WORDS & PHOTOS: TIM PASSMORE
Most airshow fans have probably seen the words “no refunds” while on a website while buying tickets, or in small print on the ticket itself. You may have seen the term yourself and thought it an unfair practice, but have you ever wondered why that is universal policy? The Heart of Texas Airshow just north of Waco on the 6th-7th April was a perfect example of why this policy is absolutely necessary and understandable.
Travelling down from Fort Worth on Friday morning, I drove in perfect airshow weather until running into a fog bank about 30 miles from Waco. Confident the fog would burn off quickly with the temperatures forecast, I located the media representative to find out what the plans were for the weekend. Optimism started to fade when time for practice to begin came and went and the fog still showed no signs of lifting.
Although the tiny crowd that had waited patiently to see the Thunderbirds fly consisted mostly of just one small group of special needs kids, the team showed why they are such tremendous crowd-pleasers and have the loyal following that they do. The entire officer team from Thunderbird #1 Lt. Col. John Caldwell, team commander and flight leader, to #12 Maj. Ray Geoffroy , Public Affairs Officer, plus their crew chiefs came out and spent about 20 minutes signing autographs and taking photos with the kids. The team’s new Opposing Solo pilot, #6 Capt. Michelle Curran was a huge hit, and not just with the girls.
By the time the team finished their meet – and – greet, everyone was resigned to seeing nothing in the sky but clouds, so it came as a surprise to hear the sound of an airplane taking off. It was aerobatic veteran David Martin in his stock 1963 Beechcraft Baron. While Martin’s flight was short, consisting of a couple of slow rolls and a photo pass, is still put smiles back on most faces.
Shortly after Martin landed, some of the effects of bad and threatening weather became very apparent when we saw the event organizer and just one other person starting to move the hundreds of chairs in the reserved and chalet viewing sections. Folding chairs and impending thunderstorms are a bad combination. Even with eight media reps helping, it took about 20 minutes to clear the chairs, and their day was far from done. Among other tasks now awaiting them was dealing with fans who’d paid for a dawn photo tour early the next morning. Not only was the weather going to be terrible, very few of the static aircraft due to appear had arrived, leaving next to nothing to photograph.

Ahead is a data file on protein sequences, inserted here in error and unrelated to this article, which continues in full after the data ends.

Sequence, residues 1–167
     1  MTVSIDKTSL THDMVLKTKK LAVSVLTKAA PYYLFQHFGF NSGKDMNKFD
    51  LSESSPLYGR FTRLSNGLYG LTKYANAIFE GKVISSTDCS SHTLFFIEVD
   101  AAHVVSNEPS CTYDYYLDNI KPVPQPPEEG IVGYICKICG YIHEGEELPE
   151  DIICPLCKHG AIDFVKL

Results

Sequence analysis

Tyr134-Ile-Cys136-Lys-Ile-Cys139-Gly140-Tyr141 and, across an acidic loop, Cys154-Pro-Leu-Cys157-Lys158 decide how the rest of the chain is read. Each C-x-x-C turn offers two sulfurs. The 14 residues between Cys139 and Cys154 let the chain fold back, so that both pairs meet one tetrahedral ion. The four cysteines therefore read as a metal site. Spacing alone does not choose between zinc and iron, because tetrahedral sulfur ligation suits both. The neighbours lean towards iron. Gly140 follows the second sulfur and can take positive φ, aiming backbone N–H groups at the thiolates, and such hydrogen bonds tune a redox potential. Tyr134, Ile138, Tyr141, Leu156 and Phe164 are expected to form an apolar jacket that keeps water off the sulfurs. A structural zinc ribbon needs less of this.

Saturday did not start off well, with moderately heavy rain and a ceiling in the dozens of feet, if that. The large room used for the briefing was full of pilots and crew members, as well as representatives from all parties involved in putting on the airshow, such as the safety crew and the FAA. These briefings cover everything from the roster and schedule to carefully showing the immediate area using Google Earth to identify landmarks and boundaries. This time, everyone’s primary concern was obviously the weather, which showed a fair possibility of at least minimum requirements later in the afternoon.
During this delay, the question appeared on one of the airshow’s social media pages. This person expressed dissatisfaction over the lack of a definite yes/no answer regarding holding the show as well as not being able to get a refund. In a manner that is rare on social media, one responder pointed out that an airshow has the same considerable expenditures regardless of weather, not the least of which is a virtual fleet of rental vehicles. This is just one of the many expenses that most airshow goers may not even be aware of. Another person responded to the original question by pointing out that trying to give a definite answer about holding the event is a no-win situation. If they swear that the show will go on and it doesn’t, there will be an angry storm from people who feel they were lied to. On the other hand if they call it off early and the skies clear, the public will be just as angry. Sadly, the weather never did clear enough for any flying despite hopes that the F-35 would be able to fly at least briefly.
Sunday morning was a repeat of Saturday, and by 11:30, it appeared almost certain we would have a total washout. Then, gaps started appearing in the radar images. Shortly after this, air boss Jon Powelkop said those three little words everyone longed to hear, “We are flying”. He then went through a revised schedule of events which eliminated some performers and had shorter flying times for most of those who remained on the schedule.